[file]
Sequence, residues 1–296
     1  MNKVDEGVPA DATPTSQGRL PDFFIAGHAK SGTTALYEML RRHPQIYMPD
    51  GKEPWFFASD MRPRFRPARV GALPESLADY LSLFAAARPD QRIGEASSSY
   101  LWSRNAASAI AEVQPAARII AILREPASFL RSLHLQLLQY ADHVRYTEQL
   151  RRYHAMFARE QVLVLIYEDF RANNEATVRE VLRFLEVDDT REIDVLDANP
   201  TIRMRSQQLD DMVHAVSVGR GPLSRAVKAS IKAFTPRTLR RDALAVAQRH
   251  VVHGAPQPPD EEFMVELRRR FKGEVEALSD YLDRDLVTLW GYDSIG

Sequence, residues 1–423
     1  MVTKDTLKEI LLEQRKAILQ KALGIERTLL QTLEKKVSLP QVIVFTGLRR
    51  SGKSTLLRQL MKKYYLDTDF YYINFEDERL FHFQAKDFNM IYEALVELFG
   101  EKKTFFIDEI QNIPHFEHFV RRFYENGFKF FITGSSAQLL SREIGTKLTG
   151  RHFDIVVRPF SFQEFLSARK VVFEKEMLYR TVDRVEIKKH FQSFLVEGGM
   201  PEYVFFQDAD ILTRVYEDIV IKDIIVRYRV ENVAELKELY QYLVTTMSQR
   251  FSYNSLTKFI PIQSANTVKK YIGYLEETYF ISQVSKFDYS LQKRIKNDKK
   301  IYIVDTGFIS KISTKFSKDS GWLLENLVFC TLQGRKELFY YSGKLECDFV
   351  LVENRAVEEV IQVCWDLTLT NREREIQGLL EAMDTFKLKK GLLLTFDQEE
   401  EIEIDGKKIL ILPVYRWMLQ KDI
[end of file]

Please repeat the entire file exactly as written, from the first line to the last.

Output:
Sequence, residues 1–296
     1  MNKVDEGVPA DATPTSQGRL PDFFIAGHAK SGTTALYEML RRHPQIYMPD
    51  GKEPWFFASD MRPRFRPARV GALPESLADY LSLFAAARPD QRIGEASSSY
   101  LWSRNAASAI AEVQPAARII AILREPASFL RSLHLQLLQY ADHVRYTEQL
   151  RRYHAMFARE QVLVLIYEDF RANNEATVRE VLRFLEVDDT REIDVLDANP
   201  TIRMRSQQLD DMVHAVSVGR GPLSRAVKAS IKAFTPRTLR RDALAVAQRH
   251  VVHGAPQPPD EEFMVELRRR FKGEVEALSD YLDRDLVTLW GYDSIG

Sequence, residues 1–423
     1  MVTKDTLKEI LLEQRKAILQ KALGIERTLL QTLEKKVSLP QVIVFTGLRR
    51  SGKSTLLRQL MKKYYLDTDF YYINFEDERL FHFQAKDFNM IYEALVELFG
   101  EKKTFFIDEI QNIPHFEHFV RRFYENGFKF FITGSSAQLL SREIGTKLTG
   151  RHFDIVVRPF SFQEFLSARK VVFEKEMLYR TVDRVEIKKH FQSFLVEGGM
   201  PEYVFFQDAD ILTRVYEDIV IKDIIVRYRV ENVAELKELY QYLVTTMSQR
   251  FSYNSLTKFI PIQSANTVKK YIGYLEETYF ISQVSKFDYS LQKRIKNDKK
   301  IYIVDTGFIS KISTKFSKDS GWLLENLVFC TLQGRKELFY YSGKLECDFV
   351  LVENRAVEEV IQVCWDLTLT NREREIQGLL EAMDTFKLKK GLLLTFDQEE
   401  EIEIDGKKIL ILPVYRWMLQ KDI